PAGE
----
NatArtFiMo (National Article Finishing Month)

It’s that time of year again. Your friends on facebook are pledging to participate in National Novel Writing Month (NaNoWriMo) starting tomorrow. The idea is pretty simple:

National Novel Writing Month is a fun, seat-of-your-pants approach to novel writing. Participants begin writing on November 1. The goal is to write a 50,000 word, (approximately 175 page) novel by 11:59:59, November 30. Valuing enthusiasm and perseverance over painstaking craft, NaNoWriMo is a novel-writing program for everyone who has thought fleetingly about writing a novel but has been scared away by the time and effort involved. Because of the limited writing window, the ONLY thing that matters in NaNoWriMo is output. It’s all about quantity, not quality. This approach forces you to lower your expectations, take risks, and write on the fly.

Perhaps the most intriguing part of NaNoWriMo is the community support aspect. Folks post their successes to Twitter and Facebook. There are constant reminders to write. And it works rather well, as tens of thousands of eager amateurs manage to write 50,000 words in a month’s time.

Of course, I’m tempted to join the fun. (NaNoWriMo would be a great time to finish that Twilight fan fiction novel!) But I also know that there is a half-finished article calling my name, occasionally reminding me of its continued existence. What if there were also a National Article Finishing Month?

Now there is.

National Article Finishing Month draws on the model of NaNoWriMo (and also on the advice of sci-fi author Neil Gaiman to finish things). For legal academics, the challenge is different. November is a doldroms (at least, it is for me). Thanksgiving is here, and recruiting season (with call-back interviews to attend), and millions of endless committee meetings. With no nearby article submission season, there’s no burning motivation to write. If you aren’t careful, you might go all month without picking up a pen. NatArtFiMo pushes back. It’s like a writing retreat, conducted online.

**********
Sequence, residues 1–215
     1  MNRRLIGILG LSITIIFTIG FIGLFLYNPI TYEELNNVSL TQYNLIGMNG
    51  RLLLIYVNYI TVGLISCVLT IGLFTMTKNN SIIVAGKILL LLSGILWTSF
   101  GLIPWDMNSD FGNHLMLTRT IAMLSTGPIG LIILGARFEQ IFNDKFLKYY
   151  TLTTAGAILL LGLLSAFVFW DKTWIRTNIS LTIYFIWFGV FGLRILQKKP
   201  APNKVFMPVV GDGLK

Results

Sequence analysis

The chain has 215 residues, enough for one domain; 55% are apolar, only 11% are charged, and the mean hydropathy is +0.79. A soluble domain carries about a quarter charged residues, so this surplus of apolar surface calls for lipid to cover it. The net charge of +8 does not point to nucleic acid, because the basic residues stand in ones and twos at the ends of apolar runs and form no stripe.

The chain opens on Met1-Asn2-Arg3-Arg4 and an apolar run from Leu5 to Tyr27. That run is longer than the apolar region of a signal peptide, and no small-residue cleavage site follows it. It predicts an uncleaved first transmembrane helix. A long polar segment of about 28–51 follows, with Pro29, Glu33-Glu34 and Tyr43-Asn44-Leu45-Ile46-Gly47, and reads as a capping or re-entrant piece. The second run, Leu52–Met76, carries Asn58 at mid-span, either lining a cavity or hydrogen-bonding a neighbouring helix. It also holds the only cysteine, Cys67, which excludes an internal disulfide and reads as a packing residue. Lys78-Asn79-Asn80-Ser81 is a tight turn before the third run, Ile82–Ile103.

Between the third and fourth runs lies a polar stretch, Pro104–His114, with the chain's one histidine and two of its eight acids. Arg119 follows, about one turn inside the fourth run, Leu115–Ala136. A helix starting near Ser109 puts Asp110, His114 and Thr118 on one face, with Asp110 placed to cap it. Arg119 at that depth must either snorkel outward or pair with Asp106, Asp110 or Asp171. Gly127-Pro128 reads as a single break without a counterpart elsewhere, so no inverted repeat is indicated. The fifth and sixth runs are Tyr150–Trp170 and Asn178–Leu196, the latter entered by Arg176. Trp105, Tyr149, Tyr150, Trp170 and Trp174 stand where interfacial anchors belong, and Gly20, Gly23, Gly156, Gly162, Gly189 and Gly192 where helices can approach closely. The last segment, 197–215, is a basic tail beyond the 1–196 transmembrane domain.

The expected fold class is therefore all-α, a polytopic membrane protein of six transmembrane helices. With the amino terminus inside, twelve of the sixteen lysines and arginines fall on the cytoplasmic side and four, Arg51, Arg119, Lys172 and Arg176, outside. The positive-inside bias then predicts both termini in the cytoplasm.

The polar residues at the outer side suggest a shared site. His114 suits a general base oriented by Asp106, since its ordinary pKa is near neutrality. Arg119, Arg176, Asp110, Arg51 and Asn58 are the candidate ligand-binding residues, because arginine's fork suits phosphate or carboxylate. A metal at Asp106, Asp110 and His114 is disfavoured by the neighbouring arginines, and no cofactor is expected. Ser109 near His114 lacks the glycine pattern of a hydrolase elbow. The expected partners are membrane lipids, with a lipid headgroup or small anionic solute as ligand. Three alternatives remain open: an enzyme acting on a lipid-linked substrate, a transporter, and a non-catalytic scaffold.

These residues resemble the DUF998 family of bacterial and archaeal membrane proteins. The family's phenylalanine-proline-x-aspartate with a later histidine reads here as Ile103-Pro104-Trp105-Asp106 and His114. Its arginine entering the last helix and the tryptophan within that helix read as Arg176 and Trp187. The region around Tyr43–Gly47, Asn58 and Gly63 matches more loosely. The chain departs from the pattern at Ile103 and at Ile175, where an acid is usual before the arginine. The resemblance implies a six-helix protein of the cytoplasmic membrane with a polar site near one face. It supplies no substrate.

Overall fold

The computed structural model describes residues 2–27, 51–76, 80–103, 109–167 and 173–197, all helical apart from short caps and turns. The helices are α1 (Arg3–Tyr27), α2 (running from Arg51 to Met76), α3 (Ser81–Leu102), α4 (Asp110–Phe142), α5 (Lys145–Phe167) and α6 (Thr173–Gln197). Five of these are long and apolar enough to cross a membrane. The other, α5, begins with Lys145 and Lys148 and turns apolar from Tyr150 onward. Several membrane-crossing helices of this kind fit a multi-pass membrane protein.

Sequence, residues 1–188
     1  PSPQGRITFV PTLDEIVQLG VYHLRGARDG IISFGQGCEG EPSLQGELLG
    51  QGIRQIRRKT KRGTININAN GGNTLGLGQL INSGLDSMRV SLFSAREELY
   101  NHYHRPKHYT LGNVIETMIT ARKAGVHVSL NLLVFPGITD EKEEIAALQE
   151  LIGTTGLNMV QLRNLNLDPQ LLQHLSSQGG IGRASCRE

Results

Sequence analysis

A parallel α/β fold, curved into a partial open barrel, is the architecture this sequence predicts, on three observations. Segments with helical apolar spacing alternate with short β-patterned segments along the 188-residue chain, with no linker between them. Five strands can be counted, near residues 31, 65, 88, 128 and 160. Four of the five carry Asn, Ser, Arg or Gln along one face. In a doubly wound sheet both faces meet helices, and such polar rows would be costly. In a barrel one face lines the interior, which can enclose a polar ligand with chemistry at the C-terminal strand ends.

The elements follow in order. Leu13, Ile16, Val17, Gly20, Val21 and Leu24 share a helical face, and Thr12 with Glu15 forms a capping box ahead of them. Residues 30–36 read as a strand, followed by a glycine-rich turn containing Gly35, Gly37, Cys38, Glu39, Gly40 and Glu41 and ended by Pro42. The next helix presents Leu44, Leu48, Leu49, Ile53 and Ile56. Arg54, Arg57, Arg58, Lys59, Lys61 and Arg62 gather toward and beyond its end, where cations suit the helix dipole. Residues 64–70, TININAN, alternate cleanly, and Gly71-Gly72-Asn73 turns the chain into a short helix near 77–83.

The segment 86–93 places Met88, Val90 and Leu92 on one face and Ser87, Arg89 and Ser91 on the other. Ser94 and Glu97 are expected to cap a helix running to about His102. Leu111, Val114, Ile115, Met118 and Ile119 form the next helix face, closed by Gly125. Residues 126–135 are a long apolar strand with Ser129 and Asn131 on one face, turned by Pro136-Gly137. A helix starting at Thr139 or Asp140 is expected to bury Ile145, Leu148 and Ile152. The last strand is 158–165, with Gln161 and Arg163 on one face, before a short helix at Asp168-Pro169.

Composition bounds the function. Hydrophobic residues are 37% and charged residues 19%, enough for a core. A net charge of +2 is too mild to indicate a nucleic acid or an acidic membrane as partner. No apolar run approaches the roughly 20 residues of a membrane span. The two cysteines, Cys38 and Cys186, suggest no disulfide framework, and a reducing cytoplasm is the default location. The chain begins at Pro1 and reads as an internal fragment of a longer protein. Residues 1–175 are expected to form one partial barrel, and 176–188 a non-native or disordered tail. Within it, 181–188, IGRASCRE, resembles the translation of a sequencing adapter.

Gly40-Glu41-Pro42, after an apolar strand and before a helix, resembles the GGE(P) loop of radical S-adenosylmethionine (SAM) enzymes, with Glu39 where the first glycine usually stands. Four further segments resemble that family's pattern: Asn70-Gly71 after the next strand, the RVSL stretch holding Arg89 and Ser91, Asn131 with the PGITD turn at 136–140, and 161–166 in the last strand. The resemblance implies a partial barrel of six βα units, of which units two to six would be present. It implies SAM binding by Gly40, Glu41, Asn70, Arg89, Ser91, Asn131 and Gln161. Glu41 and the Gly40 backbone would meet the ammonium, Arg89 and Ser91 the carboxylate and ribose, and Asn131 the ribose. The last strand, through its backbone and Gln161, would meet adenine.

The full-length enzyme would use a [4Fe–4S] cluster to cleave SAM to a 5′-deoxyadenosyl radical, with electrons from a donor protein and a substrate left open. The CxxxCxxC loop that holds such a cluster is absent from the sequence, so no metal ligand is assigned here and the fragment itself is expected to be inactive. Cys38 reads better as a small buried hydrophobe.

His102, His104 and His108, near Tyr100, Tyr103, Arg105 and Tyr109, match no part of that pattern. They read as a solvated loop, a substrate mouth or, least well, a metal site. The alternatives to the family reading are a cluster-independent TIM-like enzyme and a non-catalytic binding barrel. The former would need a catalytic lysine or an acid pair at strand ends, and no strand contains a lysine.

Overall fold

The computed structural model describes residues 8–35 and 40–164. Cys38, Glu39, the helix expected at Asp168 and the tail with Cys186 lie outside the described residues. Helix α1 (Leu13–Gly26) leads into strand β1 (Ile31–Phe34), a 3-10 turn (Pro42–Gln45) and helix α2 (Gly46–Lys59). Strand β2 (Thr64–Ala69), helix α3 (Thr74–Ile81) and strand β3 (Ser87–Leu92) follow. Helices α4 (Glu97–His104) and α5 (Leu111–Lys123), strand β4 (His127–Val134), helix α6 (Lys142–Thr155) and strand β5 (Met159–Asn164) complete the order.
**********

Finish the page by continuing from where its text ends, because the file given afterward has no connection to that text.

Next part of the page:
The rules are as follows:

1. Eligibility.

If you want to finish an article this November, you’re in. (As a practical matter this group may be most appealing to legal academics.)

2. The article.

You should start with an unfinished article. For our purposes, let’s tentatively define an unfinished article as something which is not yet posted to SSRN (or if posted, it is in very short skeletal form of less than 20 pages). (Does this work for people? Additional suggestions are welcome.)

(Is it okay to start with nothing at all? Yes. However, remember that this will put you on a very accelerated writing schedule.)

3. Deadlines and Check-in.

To participate, you should:

a. Write up a short, 1 paragraph (4-5 sentences) description of your writing goal for the month. Briefly describe your article, where you stand on it, and which parts of the article you are going to complete over the month.

We strongly encouraged participants to set ambitious but reachable goals. For an already-started, research-begun, half-written project, “having this ready to post to SSRN” might be a reasonable goal for a month’s of focused writing. But obviously, it will vary from article to article. If your goal is simply to figure out a Meereenese Knot, that’s fine too.

b. Post that paragraph in comments here, or on our new Facebook group (or both). Note that the group is “open,” so please don’t disclose trade secrets. You can keep your description as vague as you need. However, it is generally preferable to post more detail. (“I will finish Part 3, add research from Hoffman, and come up with a better conclusion” rather than just “I’ll finish the article”) so that your supporters can encourage you or suggest ideas.